Greetings to my inaugural byline for FantasyPros911! And that is the last exclamation point youâ€™ll ever see me use.
Jason Mastrodonato here, and itâ€™s a pleasure to be joining the crew this year after three great years at Mastersball.com, where I competed with and against some of the brightest players in the industry.
Iâ€™ll give you guys a quick background about myself, because if youâ€™re anything like me, you want to know who the schmuck is behind the keyboard telling you how to run your fantasy team.
Iâ€™ve been playing the game since my family first bought a computer in 1998 and have been writing about it since 2008. Iâ€™m not much of a sabermetrician, though I do appreciate the work that the math nerds do for us and I try to incorporate some into my articles at times, but Iâ€™m more of a real baseball guy.
Iâ€™m a business-major-turned-journalist, having graduated from Northeastern University in Boston last May. And now for the cool part: I spent every day of the 2011 baseball season inside the locker room of the Boston Red Sox! Well, not every day, but I was there for 77 of the teamâ€™s 81 home games, covering the team as an associate reporter for MLB.com. Iâ€™ve talked to Major League players, coaches, managers and general managers on almost every team in the American League, so if you ever wanted dirt on someone, shoot me a DM on twitter (@JMastrodonato) and Iâ€™ll see what I can come up with.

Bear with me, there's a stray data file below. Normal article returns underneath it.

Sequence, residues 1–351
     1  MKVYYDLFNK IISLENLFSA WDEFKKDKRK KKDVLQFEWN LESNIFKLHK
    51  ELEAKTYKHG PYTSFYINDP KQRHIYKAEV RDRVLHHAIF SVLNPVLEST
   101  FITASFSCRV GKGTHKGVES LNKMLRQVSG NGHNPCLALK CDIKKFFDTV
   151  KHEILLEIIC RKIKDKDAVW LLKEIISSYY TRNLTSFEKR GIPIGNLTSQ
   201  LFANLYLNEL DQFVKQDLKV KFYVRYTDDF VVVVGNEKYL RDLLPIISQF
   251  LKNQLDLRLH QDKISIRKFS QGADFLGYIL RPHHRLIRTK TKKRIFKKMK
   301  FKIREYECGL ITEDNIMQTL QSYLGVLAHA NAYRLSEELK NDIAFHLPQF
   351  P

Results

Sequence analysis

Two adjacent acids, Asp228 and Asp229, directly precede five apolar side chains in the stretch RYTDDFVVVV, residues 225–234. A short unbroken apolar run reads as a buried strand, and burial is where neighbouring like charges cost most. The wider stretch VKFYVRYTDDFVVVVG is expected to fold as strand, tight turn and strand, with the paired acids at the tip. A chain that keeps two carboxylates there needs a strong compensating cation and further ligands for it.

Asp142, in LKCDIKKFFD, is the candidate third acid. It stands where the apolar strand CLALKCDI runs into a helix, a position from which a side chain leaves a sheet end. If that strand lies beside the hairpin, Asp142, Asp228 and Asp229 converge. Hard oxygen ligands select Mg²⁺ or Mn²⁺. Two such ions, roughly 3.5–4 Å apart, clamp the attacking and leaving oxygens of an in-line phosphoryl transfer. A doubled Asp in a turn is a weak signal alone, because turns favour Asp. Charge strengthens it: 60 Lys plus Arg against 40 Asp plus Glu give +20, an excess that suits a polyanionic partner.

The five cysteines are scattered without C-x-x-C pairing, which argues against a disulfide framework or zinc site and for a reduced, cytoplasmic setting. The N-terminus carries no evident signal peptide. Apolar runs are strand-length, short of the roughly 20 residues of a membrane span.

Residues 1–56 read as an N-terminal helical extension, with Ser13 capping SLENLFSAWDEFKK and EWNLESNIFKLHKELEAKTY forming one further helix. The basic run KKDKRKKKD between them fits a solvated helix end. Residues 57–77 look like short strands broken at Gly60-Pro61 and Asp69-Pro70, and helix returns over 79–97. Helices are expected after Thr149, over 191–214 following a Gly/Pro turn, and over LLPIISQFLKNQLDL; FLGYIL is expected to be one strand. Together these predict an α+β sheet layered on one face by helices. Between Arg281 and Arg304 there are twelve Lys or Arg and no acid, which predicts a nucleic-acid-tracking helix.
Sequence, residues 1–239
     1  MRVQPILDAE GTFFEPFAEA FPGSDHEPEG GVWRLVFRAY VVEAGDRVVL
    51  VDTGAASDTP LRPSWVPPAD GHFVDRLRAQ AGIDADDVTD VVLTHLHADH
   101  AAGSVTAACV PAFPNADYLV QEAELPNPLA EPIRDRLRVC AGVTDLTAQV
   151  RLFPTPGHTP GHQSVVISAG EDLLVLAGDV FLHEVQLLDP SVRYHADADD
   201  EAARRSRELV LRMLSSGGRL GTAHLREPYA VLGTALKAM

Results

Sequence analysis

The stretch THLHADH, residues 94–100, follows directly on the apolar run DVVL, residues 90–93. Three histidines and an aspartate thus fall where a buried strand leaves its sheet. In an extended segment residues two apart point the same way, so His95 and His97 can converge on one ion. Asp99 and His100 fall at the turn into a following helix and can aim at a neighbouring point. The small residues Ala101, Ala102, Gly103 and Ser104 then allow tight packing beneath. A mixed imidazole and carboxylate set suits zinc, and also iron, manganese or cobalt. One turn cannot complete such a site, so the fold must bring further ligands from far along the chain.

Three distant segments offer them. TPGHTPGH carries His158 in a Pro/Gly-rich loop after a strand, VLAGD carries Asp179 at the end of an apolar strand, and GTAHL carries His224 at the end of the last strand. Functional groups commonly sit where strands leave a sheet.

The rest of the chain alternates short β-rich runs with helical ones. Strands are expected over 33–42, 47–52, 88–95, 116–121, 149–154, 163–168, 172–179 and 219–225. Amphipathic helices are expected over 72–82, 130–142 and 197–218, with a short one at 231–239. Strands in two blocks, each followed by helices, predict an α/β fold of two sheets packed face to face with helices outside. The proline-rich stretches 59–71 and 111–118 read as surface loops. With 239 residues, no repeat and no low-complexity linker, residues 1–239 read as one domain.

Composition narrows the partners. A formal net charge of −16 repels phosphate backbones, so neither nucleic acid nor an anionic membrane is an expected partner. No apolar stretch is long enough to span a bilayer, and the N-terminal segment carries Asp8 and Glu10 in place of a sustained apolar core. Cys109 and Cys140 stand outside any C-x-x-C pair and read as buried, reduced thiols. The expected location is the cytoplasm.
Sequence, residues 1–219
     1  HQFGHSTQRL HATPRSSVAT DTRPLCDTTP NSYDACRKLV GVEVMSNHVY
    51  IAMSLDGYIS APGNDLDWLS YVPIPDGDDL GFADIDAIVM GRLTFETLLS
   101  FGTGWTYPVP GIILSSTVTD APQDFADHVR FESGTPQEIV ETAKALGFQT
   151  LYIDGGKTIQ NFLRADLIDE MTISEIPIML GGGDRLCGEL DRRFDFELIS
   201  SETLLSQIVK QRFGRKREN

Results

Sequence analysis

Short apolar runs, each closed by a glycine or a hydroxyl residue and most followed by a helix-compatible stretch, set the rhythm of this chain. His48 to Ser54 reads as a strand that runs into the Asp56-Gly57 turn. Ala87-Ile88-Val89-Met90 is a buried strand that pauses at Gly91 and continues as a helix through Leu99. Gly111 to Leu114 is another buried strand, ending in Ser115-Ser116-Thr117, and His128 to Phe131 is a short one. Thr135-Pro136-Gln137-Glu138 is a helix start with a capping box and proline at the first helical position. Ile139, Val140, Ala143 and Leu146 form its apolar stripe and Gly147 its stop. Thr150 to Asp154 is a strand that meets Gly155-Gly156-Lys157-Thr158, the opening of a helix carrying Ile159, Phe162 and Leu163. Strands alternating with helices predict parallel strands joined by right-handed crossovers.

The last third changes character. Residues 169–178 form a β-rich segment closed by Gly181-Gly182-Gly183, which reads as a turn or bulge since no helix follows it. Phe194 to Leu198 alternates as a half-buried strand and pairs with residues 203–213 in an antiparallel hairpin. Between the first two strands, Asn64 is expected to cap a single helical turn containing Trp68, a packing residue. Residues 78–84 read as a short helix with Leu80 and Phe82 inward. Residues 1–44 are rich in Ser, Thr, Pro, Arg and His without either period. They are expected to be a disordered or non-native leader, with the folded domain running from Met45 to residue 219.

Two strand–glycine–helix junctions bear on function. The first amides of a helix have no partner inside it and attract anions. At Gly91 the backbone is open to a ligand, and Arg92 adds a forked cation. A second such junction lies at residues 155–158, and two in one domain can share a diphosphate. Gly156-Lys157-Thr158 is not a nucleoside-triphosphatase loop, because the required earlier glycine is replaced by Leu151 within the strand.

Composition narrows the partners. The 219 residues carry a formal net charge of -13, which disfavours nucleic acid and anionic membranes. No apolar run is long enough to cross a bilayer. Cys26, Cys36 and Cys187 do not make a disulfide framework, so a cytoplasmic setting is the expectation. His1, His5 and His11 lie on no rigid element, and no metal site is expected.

Some of you may know me from the Fantasy Baseball Roundtable Radio Show here, and in addition to that, Iâ€™ll be doing a transaction analysis during each week in the preseason. So letâ€™s dive right in with one of my favorite players of all time, Juan Pierre, the newest member of the Phillies.
First off, sorry if you drafted him last year. Who would have thought a 33-year-old one-trick-pony would disappoint? Sarcasm? Nah, I was seriously surprised. Pierre had stolen 68 bases during his first year with the White Sox and was promised every-day playing time in 2010, but suddenly he forgot how to run. Not only were his 27 stolen bases a premier disappointment, but he was caught stealing 17 times.